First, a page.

Wednesday, October 10, 2012


Can you find me soft asylum ?

"I chose to remain a domiciled taxpayer for a couple of reasons. The main one was that I wanted my children to grow up where I grew up, to have proper roots in a culture as old and magnificent as Britain’s; to be citizens, with everything that implies, of a real country, not free-floating ex-pats, living in the limbo of some tax haven and associating only with the children of similarly greedy tax exiles. 
A second reason, however, was that I am indebted to the British welfare state; the very one that Mr. Cameron would like to replace with charity handouts. When my life hit rock bottom, that safety net, threadbare though it had become under John Major’s Government, was there to break the fall. I cannot help feeling, therefore, that it would have been contemptible to scarper for the West Indies at the first sniff of a seven-figure royalty cheque. This, if you like, is my notion of patriotism. On the available evidence, I suspect that it is Lord Ashcroft’s idea of being a mug".

I like taxes and I believe in benefits. When people ask us to reduce our prices in exchange for cash payment something dies inside me. If it wasn't for being supported by the benefit system when I was too ill to work, my life would be very very different right now. I'm just guessing, but I'd imagine: no marriage, no babies, no business (with which to pay taxes.)

Needless to say, I love JK Rowling and would like to give her a big kiss, right on the smacker.

*JK Rowling in The Times
*Image by Thomas Krauss


  1. Amen sister. Rowling's a legend for this.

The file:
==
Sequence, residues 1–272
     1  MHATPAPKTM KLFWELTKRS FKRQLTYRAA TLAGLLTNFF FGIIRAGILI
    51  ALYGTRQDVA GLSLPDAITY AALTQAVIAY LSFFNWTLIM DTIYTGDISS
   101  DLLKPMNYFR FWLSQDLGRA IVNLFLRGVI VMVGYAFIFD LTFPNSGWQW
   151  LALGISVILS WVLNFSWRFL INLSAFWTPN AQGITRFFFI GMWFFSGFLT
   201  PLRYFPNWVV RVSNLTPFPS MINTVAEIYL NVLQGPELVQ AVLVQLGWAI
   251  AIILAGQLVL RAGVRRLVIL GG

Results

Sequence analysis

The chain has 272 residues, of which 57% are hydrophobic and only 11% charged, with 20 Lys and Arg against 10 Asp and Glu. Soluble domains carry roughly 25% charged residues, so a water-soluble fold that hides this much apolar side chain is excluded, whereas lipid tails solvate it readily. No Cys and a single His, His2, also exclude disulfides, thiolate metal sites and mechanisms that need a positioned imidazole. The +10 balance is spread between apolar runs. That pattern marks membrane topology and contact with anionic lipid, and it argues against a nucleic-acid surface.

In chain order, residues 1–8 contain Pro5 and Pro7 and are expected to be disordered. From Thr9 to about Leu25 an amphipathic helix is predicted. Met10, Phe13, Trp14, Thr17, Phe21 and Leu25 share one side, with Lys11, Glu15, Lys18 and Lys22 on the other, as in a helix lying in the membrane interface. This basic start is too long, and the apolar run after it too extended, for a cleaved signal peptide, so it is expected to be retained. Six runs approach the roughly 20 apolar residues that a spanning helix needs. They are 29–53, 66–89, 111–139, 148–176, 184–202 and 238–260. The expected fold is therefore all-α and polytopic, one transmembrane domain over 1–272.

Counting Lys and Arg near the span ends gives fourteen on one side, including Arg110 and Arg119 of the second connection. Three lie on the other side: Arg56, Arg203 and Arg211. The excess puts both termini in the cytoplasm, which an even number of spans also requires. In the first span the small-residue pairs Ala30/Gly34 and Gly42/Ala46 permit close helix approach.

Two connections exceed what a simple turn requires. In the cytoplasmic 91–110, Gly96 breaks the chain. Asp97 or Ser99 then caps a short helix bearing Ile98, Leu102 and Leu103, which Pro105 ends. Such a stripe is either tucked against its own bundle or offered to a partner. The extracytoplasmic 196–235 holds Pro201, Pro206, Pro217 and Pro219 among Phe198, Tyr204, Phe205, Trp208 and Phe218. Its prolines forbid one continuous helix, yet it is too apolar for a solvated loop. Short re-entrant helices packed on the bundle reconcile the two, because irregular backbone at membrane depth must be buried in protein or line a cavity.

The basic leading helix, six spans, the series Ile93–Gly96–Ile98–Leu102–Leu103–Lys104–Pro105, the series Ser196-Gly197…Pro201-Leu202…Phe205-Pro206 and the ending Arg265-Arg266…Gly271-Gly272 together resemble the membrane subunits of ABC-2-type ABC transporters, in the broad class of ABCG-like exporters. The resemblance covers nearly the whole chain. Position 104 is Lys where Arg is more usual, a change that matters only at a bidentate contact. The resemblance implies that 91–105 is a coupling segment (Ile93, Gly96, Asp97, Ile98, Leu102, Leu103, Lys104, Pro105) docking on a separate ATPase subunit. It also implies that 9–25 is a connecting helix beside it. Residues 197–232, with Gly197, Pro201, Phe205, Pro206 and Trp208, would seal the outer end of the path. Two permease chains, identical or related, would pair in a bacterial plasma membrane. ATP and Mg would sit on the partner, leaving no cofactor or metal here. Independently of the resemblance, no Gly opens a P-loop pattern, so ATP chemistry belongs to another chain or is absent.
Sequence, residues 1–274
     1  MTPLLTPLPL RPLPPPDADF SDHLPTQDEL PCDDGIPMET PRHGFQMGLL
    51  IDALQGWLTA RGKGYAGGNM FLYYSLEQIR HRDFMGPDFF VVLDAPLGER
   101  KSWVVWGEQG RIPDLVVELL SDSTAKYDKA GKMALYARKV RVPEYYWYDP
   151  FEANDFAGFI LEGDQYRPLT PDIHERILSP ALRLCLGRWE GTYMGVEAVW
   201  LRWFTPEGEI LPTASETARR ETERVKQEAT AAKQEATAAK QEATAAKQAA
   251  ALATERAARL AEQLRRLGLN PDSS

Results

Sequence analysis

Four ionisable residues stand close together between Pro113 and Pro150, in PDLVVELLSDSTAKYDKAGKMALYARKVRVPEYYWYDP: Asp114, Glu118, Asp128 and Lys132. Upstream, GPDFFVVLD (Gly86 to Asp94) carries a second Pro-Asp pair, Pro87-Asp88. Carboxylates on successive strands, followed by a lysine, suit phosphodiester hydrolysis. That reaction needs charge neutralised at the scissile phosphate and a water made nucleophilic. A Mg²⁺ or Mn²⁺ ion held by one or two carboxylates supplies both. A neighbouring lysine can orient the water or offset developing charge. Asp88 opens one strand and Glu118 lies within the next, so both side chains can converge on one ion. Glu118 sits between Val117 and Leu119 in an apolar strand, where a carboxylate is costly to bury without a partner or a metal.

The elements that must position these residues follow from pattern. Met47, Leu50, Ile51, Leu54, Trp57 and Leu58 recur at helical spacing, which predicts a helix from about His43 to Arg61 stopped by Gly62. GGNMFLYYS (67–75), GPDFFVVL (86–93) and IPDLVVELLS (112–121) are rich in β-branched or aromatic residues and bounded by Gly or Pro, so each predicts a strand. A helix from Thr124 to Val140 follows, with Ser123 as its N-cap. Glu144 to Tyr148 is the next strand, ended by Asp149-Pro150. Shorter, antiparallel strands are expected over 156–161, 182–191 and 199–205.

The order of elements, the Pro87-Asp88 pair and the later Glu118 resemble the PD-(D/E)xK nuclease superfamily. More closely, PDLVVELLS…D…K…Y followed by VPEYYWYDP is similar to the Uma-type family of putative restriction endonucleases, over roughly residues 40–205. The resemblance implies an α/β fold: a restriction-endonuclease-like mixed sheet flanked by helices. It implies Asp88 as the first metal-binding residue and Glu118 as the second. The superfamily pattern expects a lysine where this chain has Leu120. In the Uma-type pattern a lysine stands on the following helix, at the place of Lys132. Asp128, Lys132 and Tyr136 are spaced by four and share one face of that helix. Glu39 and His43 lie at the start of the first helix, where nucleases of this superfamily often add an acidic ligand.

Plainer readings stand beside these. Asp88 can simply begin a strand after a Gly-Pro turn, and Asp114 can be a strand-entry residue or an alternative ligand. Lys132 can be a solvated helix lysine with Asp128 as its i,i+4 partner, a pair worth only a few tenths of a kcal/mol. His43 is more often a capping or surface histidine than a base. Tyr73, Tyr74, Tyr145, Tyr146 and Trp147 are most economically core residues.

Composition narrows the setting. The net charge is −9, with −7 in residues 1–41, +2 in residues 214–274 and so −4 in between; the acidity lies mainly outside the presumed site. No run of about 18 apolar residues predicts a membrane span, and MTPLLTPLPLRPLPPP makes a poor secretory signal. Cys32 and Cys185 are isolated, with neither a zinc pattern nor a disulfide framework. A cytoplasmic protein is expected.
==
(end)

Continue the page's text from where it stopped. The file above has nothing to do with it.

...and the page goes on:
2. Good post, I totally agree. Although I would like to point out that, here in the US, I pay cash at local stores to save the merchant the fees associated with using credit cards. If I were to ask for such a discount, I would expect it come from those fees and not from avoiding taxes.

    Thanks for voicing a sentiment that hits home on this side of the lake as well.

  3. Refreshing and appreciated.

  4. I agree.

    {blogger ate my (longer) comment}.

  5. I love this sentiment. I'm also in the US (like Danielle, I agree with her point) and it seems that so few people here appreciate the good that comes from paying taxes.

  6. Oh, Ms Rowling. I love her. (I'm afraid to admit that I don't mind paying taxes where I live. I might be skinned alive if too many people found out, since tax-hating is our national sport...)

  7. YES. Good grief, yes.
    What is society if we don't, in our good times, provide for those in their bad?

    Oddly a lot of my discussions on this are not with Ayn Rand- or Ron Paul-spouting ersatz libertarians, but rather sweet hippy friends who are so disillusioned with the System that they prefer to opt out entirely. (it's a related conversation to the one about state schooling).

    Arseface Cameron doesn't really help.

  8. Yes, yes, a thousand times yes. I am another US reader and I am baffled by the fear of taxes on this side of the pond.


play nice.